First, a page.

Michael Craig speaking at World Antimicrobial Resistance Congress

Michael Craig, Director, Antibiotic Resistance Coordination and Strategy Unit, U.S. Centers for Disease Control and Prevention


What do you see as the biggest challenges facing the AMR space into 2022?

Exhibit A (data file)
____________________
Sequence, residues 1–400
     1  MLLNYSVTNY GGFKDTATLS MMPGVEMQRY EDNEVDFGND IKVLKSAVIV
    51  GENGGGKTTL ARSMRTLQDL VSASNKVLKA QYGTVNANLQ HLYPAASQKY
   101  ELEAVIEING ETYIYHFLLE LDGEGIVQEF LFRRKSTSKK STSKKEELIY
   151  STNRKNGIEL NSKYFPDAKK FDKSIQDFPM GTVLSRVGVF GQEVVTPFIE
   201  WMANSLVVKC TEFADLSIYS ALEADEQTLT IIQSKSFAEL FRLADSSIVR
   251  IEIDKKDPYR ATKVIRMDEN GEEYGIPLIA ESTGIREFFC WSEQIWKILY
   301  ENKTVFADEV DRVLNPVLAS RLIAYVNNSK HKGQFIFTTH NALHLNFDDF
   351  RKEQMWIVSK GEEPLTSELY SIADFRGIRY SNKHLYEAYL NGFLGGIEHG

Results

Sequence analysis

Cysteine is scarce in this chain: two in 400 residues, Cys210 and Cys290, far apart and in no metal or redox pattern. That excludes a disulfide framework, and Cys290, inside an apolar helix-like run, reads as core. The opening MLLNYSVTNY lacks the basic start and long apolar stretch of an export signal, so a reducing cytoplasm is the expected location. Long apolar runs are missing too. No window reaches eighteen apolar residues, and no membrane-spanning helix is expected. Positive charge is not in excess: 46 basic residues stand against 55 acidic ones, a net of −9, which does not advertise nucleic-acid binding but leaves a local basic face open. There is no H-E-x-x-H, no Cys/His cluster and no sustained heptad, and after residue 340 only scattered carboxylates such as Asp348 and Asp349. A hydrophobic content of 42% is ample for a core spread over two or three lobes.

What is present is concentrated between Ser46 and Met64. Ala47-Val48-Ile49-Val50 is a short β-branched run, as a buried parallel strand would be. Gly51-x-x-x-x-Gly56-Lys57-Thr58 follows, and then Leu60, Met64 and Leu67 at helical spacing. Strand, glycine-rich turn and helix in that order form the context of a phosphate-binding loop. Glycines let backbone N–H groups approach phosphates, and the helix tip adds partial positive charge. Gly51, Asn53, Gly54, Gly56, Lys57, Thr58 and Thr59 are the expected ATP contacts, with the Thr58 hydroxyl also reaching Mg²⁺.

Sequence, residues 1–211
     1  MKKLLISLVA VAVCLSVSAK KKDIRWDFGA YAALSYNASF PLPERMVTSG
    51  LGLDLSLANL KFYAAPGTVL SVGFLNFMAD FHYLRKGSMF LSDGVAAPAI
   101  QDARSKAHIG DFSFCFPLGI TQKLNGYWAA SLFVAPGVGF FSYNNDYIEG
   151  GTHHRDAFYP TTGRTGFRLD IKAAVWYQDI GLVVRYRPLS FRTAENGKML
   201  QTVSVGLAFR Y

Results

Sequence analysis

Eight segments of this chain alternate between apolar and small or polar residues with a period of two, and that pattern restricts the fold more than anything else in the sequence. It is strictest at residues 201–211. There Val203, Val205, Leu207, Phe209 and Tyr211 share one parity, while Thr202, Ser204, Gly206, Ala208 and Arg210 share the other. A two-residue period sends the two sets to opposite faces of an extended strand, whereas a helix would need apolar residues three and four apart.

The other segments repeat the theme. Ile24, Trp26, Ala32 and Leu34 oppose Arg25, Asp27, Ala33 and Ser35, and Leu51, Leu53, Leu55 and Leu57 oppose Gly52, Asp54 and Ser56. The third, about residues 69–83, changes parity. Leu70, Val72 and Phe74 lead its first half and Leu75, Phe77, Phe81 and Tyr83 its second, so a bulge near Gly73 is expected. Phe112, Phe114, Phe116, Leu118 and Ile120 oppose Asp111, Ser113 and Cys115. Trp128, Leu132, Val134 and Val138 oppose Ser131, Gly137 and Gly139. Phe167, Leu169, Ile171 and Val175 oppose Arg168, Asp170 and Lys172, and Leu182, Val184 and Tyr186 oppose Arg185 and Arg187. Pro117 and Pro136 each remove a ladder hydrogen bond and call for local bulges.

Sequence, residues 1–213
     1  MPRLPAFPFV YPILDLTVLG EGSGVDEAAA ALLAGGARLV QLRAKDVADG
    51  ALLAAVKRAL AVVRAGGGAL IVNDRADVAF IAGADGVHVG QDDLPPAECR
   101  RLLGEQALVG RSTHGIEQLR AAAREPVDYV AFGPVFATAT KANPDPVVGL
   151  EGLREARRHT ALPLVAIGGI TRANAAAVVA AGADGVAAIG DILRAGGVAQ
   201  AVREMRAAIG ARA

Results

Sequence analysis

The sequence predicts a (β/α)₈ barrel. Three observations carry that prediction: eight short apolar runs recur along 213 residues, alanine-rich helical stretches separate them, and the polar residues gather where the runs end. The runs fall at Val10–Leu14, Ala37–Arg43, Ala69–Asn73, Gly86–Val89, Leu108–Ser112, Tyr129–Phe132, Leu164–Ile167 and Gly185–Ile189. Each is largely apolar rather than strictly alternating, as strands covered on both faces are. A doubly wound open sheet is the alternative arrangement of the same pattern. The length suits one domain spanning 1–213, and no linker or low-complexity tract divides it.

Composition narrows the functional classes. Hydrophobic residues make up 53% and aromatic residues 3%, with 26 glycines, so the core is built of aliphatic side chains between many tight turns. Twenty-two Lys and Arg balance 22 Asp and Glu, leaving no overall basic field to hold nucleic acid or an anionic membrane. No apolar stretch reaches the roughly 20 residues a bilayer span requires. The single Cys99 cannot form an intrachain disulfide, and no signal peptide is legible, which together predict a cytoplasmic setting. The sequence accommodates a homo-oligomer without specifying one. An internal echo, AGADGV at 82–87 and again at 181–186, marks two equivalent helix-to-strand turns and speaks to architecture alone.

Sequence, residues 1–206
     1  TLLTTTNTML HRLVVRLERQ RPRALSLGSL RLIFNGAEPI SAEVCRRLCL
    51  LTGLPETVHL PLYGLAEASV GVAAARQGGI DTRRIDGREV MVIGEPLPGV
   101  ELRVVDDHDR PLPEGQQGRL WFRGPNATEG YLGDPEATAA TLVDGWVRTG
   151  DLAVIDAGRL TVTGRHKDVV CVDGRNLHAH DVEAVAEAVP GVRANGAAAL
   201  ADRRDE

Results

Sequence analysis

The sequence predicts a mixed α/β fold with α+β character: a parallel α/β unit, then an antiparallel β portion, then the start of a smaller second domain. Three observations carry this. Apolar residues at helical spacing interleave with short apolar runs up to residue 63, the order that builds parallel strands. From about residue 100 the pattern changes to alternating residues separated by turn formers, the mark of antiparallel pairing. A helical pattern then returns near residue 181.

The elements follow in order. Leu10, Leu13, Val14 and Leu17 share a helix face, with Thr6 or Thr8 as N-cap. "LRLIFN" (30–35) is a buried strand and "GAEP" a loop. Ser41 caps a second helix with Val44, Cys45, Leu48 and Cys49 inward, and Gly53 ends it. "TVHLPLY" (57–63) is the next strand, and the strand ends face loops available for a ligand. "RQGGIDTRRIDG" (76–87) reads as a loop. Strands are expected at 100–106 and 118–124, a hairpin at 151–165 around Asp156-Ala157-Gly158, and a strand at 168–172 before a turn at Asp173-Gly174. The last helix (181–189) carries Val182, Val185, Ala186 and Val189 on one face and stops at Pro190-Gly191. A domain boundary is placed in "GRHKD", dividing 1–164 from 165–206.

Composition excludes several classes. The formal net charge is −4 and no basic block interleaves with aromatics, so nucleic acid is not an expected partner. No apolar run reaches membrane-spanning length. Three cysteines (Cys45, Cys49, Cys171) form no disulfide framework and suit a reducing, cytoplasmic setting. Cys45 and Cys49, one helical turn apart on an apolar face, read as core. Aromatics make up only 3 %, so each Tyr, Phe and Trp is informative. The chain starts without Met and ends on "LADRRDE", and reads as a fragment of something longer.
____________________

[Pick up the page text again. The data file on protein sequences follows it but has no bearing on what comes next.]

Probably no surprise, but the COVID-19 pandemic has significantly slowed national and global progress on antimicrobial resistance. Pre-pandemic, we were already losing too many lives to AR infections or Clostridioides difficile infections (often associated with taking antimicrobials). Nearly 50,000 people die from these threats in the U.S. every year, and a recently released report in The Lancet shows antimicrobial resistance is a leading cause of death globally. We can’t afford to give up any more ground. Many of the challenges we faced during the COVID-19 pandemic are the same ones that the AR experts have been highlighting for years. But now, in a post-pandemic world, people suddenly hear us when we say: we need stronger preparedness. Period. We need resilient, resourced systems like hospitals, water systems, public health laboratories that not only protect us day to day but also easily pivot to address the next crisis. We have gotten into a cycle of crisis to complacency for too long, and we cannot continue to only be reactive to public health threats. We don’t wait until our kitchen is on fire to make a fire safety plan. No, we have smoke detectors to give us early warnings there is a problem; we have a fire extinguisher at the ready to contain its spread; we call responders who are experts in these emergencies and can connect to ready water systems; and, if all that fails, we have an escape plan to keep our people, who are at the core of everything CDC does, safe. We must do more to support prevention, or we will get burned. Prevention is the most basic thing we can do to ensure we are prepared. The past two years have stretched healthcare facilities, personnel, and communities to their breaking points, and we are already seeing the ripple effects. In hospitals, AR infections are on the rise again, after several years of falling rates before the pandemic. Sicker patients, longer length of stays, closed community clinics – all of these had significant impacts on resistant infections across health care and the community. Now is the time to refocus our attention on preparedness. We need to learn our lesson. We need to prioritize investments in prevention so that we can be better prepared to face what’s next. That’s our biggest challenge, and our biggest opportunity, as we move out of this pandemic and back to a sense of normalcy.